Tuesday, 21 November 2017

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Universality is in our vested interest

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07 April 2015 – Belgian NGO 11.11.11 hosted the Think Global Day 2015 in Brussels (01/04/2015), focusing on the Post-2015 Development Agenda and associated Sustainable Development Goals (SDGs). Featuring keynote speaker Amina Mohammed, the conference emphasized the international, European and local arenas for future work in securing the Agenda’s realization.

The premise to the Think Global Day was the question: “what are the opportunities and pitfalls of a new framework for development and international cooperation?”

Keynote speaker Amina Mohammed, Special Advisor to the UN Secretary-General Ban Ki-moon for the Post-2015 Agenda, emphasized that the SDGs are vital as the world is facing a very high amount of complex challenges at the moment. These challenges range from forced migration to exclusion and inequality.

To address this, we need to cooperate, according to Ms Mohammed. This is a difficult process, as there is a tendency not to trust one another in the current world. Yet, to realize the Post-2015 Agenda, “No woman or man is an island”, she stated, strongly affirming partnerships as the core to outcomes.

Considering the universal nature of development

At the same time, working together is important as we need to encompass not just the few, but all of us, in realizing the SDGs.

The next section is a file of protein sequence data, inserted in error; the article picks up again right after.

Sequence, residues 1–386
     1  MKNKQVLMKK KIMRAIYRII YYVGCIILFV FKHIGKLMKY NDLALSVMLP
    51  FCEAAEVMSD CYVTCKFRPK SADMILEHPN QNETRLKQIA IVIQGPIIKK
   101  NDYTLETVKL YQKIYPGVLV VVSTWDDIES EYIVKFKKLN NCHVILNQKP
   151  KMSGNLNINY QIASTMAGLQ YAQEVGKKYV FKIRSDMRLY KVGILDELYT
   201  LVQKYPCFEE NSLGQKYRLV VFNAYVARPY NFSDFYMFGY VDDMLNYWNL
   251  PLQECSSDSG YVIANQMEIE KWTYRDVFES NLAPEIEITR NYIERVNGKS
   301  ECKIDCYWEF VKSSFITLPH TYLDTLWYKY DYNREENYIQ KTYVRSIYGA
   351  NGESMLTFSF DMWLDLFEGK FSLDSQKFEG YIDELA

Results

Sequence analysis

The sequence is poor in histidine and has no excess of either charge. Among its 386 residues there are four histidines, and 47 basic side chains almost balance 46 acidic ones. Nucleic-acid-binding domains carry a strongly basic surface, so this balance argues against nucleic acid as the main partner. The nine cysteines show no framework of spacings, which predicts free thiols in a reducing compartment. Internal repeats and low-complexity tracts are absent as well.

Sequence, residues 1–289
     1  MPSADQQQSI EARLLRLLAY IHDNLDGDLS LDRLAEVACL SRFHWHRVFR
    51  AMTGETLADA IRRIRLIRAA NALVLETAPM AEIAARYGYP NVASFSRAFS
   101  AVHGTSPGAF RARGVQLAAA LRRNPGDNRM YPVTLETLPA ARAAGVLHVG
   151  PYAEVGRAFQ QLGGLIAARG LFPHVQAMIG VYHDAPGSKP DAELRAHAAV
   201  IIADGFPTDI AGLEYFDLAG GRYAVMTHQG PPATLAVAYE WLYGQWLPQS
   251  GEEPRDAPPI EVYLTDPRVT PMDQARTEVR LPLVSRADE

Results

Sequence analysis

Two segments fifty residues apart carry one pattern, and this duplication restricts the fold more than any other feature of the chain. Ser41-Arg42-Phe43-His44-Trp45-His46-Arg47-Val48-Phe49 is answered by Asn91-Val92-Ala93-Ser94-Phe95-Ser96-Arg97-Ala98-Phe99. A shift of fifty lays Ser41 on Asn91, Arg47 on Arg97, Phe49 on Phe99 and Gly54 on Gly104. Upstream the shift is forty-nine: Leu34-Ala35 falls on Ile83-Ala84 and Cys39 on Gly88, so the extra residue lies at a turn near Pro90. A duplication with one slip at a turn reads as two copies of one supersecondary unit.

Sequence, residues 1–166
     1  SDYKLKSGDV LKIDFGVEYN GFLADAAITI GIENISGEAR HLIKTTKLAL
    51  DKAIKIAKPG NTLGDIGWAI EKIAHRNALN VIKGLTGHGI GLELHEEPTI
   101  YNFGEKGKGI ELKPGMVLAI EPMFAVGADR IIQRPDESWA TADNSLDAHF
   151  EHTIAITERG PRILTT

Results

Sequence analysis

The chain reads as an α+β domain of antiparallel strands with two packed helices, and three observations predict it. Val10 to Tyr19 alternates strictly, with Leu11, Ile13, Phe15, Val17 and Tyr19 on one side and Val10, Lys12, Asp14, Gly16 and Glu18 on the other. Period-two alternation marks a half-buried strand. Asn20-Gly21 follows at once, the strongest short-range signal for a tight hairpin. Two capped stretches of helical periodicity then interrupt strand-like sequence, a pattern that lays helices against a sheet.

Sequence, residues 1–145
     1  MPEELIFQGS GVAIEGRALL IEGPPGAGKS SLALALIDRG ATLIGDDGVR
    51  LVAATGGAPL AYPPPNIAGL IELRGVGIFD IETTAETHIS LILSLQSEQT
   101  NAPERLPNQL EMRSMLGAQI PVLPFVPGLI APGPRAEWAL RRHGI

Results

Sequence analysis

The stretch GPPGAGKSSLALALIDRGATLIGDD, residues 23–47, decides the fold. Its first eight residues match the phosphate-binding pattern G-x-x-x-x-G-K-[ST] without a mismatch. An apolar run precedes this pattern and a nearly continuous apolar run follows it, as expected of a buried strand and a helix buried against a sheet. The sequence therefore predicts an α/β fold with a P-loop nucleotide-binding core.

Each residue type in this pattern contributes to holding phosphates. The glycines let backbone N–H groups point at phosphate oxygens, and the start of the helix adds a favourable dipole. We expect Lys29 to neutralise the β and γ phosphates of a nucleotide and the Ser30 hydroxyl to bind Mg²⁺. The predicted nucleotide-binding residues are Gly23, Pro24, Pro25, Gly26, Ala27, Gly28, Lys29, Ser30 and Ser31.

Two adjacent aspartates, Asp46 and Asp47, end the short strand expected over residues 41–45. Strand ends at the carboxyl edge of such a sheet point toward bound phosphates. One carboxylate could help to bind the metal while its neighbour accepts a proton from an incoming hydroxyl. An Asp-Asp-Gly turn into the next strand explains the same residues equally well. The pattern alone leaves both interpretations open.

This entails not equating the world with Europe and Africa, but also considering the particular issues faced by e.g. Latin America, the Arab World and island states. Such issues were only recently highlighted in Vanuatu, where Cyclone Pam has resulted in 166,000 people urgently needing life-saving assistance.

At the same time, universality also entails reaching out to new stakeholders, including a crucial role and engagement for the private sector. Here, the focus is on making profits with people rather than to their detriment.

aminamohammed thinkglobalday

Translating universal to local initiative

After the keynote address, specialized debates focused on means of implementation, the framework’s ecological goals and the way Europe and Belgium will have to reform so as to accommodate the new SDGs.

With respect to the latter, particular attention was paid to the current economic state of Europe and the differences between countries.

Speaking at the event, Alexander De Croo, Belgian Minister for Development, pointed out that he has already asked an academic taskforce to research how to translate the SDGs into a Belgian context.

More information

Want to know the latest on the Post-2015 Development Agenda? Please discover the following overview.

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